Website Updates: Moved to Gitlab Pages

Posted by Ryan Himmelwright on Sun, Jul 25, 2021
Tags gitlab, website, hugo, devops
Durham Bulls Athletic Park, Durham NC

I recently made some major changes to my website. After playing around testing the site on Gitlab Pages for a few months, I finally sat down to figure out how to make the official switch. In the end, this involved a bunch of additional side projects, including replacing my ‘cloud node’ with a new one, setting up a Gitlab runner, removing all analytic trackers from the website, and completely re-doing the the DNS for my domain name. It’s been quite the overhaul…


An older version of my website
An older version of my website

First, lets start with some background information. I have been using Github pages to host my website for… ummm… a long time. I probably started using it about the time I graduated from college (2014)… way before I switched to hugo, or even jekyll and cryogen before that.

I have used many static website generators to build and deploy the website over the years. However, the one thing has remained consistent the whole time, is that I use two repos, one for the source, and one for the built website. This is something I’ve wanted to consolidate for years now, but just haven’t gotten around to. This was one of the main reasons motivating me to make a switch.

My old website Jenkins pipelines
My Old Jenkins Website Pipelines

Another reason was to have a better CI setup. I’ve used Jenkins off and on for my website testing and CI pipeline, but haven’t maintained a Jenkins server for quite awhile now. This is something I’ve wanted to improve in my workflow, but haven’t had the desire to spin up and host a full CI server*, just for my website. With Gitlab CI… I wouldn’t have to.

*PS: I know this is something I probably don’t have to do with Github pages anymore.

Playing with Gitlab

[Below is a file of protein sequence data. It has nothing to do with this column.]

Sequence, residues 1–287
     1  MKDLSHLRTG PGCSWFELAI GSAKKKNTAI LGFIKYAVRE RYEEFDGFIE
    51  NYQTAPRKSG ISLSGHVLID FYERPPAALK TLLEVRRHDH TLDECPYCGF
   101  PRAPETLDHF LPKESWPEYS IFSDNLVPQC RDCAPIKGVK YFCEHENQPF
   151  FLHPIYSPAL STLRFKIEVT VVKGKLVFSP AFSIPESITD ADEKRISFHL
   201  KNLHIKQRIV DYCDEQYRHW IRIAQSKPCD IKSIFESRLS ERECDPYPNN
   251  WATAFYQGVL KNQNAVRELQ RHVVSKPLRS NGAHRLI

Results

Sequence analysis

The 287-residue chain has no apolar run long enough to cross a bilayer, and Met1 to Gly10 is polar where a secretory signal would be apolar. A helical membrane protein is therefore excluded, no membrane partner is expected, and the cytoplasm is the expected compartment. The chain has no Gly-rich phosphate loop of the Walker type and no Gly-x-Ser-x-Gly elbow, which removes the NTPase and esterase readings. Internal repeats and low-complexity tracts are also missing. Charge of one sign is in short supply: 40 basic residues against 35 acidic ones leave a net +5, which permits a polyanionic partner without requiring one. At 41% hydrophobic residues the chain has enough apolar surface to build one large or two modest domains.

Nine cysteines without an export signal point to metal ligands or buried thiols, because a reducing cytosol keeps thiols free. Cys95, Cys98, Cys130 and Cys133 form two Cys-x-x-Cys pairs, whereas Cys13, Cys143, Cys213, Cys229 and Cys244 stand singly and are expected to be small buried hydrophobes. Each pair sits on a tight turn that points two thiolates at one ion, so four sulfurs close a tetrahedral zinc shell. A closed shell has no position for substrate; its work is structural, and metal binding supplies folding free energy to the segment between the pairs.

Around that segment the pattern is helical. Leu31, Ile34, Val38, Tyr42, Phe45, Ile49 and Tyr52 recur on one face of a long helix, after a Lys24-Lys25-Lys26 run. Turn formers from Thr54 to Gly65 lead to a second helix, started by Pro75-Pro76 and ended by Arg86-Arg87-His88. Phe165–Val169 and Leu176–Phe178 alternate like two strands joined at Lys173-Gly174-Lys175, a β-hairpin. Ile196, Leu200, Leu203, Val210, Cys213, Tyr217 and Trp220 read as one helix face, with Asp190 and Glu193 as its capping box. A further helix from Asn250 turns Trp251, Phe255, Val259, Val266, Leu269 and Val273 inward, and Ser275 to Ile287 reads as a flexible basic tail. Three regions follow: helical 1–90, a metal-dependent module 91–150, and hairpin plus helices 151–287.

Gitlab Profile
My Gitlab Page

I’ve slowly started migrating my personal projects over to gitlab over the last year. This started with wanting one or two repositories to be private (Github didn’t allow free private repos at the time), but eventually I started to prefer how Gitlab has changed over the years compared to Github. Plus, I don’t feel as much pressure to have to be on Github, where discover-ability is higher. Also, I’ve started to use Gitlab more at work so having my personal repositories there helps me learn for work and vice versa.

The only projects that still needed to be on Github, were my website repos. So, I added a remote on Gitlab, and have been pushing the website source there as a backup location, but to additionally start testing out what was needed to make the switch.

Moving to Gitlab

Gitlab Repos
My Gitlab Repos

Two weeks ago, I finally decided decided to jump in and make the switch. I started by I renaming the website repo in Gitlab to be the default gitlab pages site for my account (ex: This took me an embarrassingly long time to figure out 😆.

Next, I left both websites up for a few days to compare stability. Everything seemed fine. My site was basically the same as the ‘real’ (Github) one. The only issue stopping me from an full switch at this point was that I wanted to configure a CI setup, with tests, running in a Gitlab pipeline. If I could figure that out, it would be worth it to officially switch.

Gitlab Runner

I spent a long time trying to get the tests to work with the shared CI runners. Eventually, I realized it would just be easier if I set up my own private runners, which I have done before. I wanted the runner to be hosted outside my network, so I wouldn’t have to worry or rely on my desktop being on and running the VM when I needed a pipeline to pass.